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Flick Ford - Blue Fin Tuna -  MASTERWORK CANVAS EDITION Published by the Greenwich Workshop


          Blue Fin Tuna
by Flick Ford

$850.00

MASTERWORK CANVAS EDITION
Limited Edition of: 50
Image Size: 40"w x 22"h.
Published: February 2005

(This item ships Gallery Wrapped.)


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There are two groups of life on this planet that understand just how beautiful that elusive scaled, slimy and eventually smelly creature is: other fish and fisherman. Well, do we have an art find for you.

Flick Ford, fisherman, painter, founder of a 1980s garage band, river rat, environmentalist . . . painter. “I’m not sure I was born to be a fisherman but I was born to a fishing family,” explains the artist, who fishes more than 100 days a year in search of the perfect specimens.

“I’ve probably used most every kind of fishing method available to me. I’ve experienced days of second degree sunburn, rain induced hypothermia, nearly lost myself in a tornado storm in the middle of a lake and drifted helplessly in the current of a river. But I can truthfully say I have never had a bad day of fishing.”

Familiar with their habitats, anatomy and color patterns, Flick hooks almost every fish he paints, although most are released shortly after. After landing a fish, he carefully measures it and then traces its outline. Using taxonomic methods reminiscent of 19th century artist Stephen F. Denton, Ford photographs every inch of the fish so he can count the scales and include exactly the right number in his painting. For accuracy in color he relies on both his photographs and his artistic color memory. When possible, the fish are painted life size. The resulting paintings show the unadorned beauty of the living fish, with an unparalleled accuracy that has them nearly jumping off the wall.

Bluefin Tuna (thunnus thynnus), the coveted “big game” built for speed, range from “footballs” of a few pounds to the world record of 1,496 pounds and nearly 12 feet in length.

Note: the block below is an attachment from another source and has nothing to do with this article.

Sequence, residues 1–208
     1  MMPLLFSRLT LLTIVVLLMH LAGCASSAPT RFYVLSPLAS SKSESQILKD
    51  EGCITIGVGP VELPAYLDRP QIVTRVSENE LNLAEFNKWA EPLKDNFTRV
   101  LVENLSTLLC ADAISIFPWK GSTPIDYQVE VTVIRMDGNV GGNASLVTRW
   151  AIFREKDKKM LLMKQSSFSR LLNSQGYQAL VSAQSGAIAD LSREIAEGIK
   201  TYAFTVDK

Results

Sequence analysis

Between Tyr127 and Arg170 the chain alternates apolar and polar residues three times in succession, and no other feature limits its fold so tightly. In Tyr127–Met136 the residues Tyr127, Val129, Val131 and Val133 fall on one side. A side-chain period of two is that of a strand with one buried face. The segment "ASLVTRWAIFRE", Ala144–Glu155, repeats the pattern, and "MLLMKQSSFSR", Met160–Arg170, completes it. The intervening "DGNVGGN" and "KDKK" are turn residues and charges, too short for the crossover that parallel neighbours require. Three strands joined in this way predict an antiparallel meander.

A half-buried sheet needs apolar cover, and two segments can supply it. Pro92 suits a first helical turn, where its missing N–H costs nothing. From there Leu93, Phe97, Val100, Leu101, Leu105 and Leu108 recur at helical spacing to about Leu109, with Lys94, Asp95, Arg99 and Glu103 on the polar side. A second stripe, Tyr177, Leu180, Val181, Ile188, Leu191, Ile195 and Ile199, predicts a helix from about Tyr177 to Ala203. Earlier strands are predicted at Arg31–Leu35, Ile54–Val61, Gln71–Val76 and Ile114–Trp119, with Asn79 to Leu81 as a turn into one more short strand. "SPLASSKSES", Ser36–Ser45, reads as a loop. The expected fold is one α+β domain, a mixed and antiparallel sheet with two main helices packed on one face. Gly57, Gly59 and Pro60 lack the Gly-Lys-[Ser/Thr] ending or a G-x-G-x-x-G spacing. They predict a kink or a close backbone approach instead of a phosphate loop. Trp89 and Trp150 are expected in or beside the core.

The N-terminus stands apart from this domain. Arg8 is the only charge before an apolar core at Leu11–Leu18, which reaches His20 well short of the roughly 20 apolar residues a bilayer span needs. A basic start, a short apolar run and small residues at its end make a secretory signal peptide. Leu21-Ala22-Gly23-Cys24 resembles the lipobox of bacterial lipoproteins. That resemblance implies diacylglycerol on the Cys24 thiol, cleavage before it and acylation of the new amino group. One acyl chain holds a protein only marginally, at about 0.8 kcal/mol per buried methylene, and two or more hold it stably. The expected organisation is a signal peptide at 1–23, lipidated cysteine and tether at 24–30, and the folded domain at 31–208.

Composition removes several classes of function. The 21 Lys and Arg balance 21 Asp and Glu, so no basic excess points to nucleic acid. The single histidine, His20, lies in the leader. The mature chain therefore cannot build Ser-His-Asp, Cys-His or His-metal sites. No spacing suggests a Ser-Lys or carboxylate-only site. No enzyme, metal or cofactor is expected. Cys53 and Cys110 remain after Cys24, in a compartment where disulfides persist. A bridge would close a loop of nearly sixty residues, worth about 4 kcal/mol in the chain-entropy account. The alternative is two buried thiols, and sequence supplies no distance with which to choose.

Flick Ford
Flick Ford fell in love with fishing at age five. His father, an accomplished fly-fisherman and talented commercial artist/copywriter, instilled in him a deep respect for nature and nurtured his early creativity. Born in 1954 in Atlanta, Flick was raised in Westchester County, New York. Throughout the 1960s and 1970s Flick fished the Adirondacks, New England, Long Island Sound, Chesapeake Bay, Virginia and the woodland lakes of Quebec, while pursuing two other loves: music (as lead singer in a garage rock band) and art. He took formal watercolor classes in the 1960s; figure drawing and graphic design classes from 1973 to 1976 and then studied art at Evergreen State College in Washington State. Flick moved to New York City in 1978 and dove into the audio/visual scene including indie film, video, underground publishing, cartooning, illustration as well as reconnecting with music. He performed in the East Village with several bands, and wrote and sang lead in The Crazy Pages for almost twenty years. Ford left New York in 1993, heading for the Hudson Highlands where he quickly became obsessed with fishing the NYC watershed. As he branched out to many of the brook trout places where he had previously fished in parts of the Adirondacks and Vermont, the effects of over twenty years of pollution, over- development and acid rain became painfully apparent. “I felt I should start to keep a record of the fish I caught and decided to do it in watercolor paintings. I just want to catch and paint these fish, and show how they appear to me in all their iridescent beauty.” Today Ford makes his home in Putnam County, New York. He fishes more than 100 days a year and ties his own flies. He selects early every fish he paints for its relative size and beauty. After landing a fish, he quickly gets a digital photo before the colors fade, carefully measures it in all dimensions, sketches details, counts scales, fin rays and finally traces it to get its actual outline. He has developed a technique of successive washes utilizing masking friskets and painstakingly detailed dry brush that make these fish truly come to life on paper.

 

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